American Progress on medical malpractice "reform"
Can anyone refute the 2% figure cited with actual numbers, and not by resorting to the defensive medicine/insurance fraud bogeyman?
Myth: Medical malpractice lawsuits are little more than predatory lawyers destroying honest doctors; caps should be set on the amount awarded to accusers.
Truth: Although the malpractice system is deeply flawed, setting caps deflects attention from patient safety and would likely not reduce frivolous lawsuits or costly premiums.
Medical malpractice liability is in need of reform, but claims of a nationwide crisis are overblown. Malpractice claims and insurance premiums vary by specialty and geographic area—doctors in obstetrics or surgery tend to pay higher premiums, for example. What increases occur in malpractice premiums can be linked primarily to a sluggish economy. In fact, malpractice costs represent less than 2 percent of total health care spending. There is little correlation between malpractice claim increases and premium increases. (Emphasis added.)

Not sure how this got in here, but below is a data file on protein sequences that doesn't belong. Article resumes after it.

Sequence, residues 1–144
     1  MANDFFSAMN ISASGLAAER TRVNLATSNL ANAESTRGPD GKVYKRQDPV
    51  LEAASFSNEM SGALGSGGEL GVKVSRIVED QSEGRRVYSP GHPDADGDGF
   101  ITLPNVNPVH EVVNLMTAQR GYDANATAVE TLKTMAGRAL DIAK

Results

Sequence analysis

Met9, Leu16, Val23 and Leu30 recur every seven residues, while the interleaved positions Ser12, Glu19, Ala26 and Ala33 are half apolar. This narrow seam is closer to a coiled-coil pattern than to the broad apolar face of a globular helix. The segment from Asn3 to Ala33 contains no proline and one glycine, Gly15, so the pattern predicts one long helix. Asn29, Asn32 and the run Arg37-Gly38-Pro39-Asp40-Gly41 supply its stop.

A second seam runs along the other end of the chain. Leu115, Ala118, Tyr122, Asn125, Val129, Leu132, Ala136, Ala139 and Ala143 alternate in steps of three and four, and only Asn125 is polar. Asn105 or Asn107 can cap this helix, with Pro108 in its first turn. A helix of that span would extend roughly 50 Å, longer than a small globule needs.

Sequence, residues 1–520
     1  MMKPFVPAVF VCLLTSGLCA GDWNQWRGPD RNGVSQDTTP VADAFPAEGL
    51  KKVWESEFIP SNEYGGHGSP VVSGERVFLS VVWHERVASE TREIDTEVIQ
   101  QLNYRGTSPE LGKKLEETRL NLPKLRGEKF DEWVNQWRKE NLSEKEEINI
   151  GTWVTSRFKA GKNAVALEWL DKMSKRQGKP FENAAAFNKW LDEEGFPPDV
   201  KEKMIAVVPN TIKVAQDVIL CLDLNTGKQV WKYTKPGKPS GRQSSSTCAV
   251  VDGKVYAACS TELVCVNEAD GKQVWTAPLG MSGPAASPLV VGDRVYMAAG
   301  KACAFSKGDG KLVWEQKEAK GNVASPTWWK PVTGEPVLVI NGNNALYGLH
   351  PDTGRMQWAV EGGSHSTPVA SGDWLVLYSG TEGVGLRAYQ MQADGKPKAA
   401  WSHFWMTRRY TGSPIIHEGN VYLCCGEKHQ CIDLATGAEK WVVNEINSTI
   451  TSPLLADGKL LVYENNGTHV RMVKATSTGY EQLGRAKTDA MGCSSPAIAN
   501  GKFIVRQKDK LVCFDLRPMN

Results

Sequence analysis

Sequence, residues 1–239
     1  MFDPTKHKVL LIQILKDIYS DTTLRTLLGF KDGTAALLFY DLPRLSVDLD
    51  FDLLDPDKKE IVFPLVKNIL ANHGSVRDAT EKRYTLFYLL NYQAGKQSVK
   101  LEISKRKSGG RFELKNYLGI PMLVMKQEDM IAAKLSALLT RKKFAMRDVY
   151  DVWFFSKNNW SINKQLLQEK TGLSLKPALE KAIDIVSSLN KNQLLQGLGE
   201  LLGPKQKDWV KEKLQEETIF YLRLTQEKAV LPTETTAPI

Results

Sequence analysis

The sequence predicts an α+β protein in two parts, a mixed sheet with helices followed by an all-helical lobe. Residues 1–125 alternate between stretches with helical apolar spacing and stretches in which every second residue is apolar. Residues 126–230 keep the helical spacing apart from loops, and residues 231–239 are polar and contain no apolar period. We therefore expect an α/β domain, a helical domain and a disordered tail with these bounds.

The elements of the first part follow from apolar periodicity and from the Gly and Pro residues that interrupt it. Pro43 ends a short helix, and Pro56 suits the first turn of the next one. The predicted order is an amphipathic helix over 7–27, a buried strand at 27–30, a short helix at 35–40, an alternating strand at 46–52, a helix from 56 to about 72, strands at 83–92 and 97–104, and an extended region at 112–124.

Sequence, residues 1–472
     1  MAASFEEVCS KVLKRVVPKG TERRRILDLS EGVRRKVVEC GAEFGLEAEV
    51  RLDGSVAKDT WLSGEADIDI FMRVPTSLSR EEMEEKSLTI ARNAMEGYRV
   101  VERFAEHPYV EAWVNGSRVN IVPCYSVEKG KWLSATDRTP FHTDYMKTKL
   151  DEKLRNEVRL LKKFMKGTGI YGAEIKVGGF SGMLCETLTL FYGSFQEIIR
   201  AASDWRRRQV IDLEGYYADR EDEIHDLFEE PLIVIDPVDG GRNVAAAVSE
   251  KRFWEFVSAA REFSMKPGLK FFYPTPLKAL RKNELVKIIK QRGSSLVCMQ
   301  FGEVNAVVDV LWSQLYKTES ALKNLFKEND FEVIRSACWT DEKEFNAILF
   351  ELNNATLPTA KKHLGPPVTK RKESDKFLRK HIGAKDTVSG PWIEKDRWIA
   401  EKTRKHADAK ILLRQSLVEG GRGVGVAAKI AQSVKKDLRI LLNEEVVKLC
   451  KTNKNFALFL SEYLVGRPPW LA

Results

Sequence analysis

Enacting caps on awards threatens individual rights to compensation for harm resulting from preventable medical error, mostly because so-called frivolous lawsuits represent only a small portion of claims and awards by juries. Focusing on tort reform deflects attention from patient safety in a system where victims are not fairly compensated and errors are not properly prevented. The solution to rising costs should instead consist of more emphasis on evidence-based medicine, independent screening, immediate disclosure of errors, and even a no-fault system of compensation.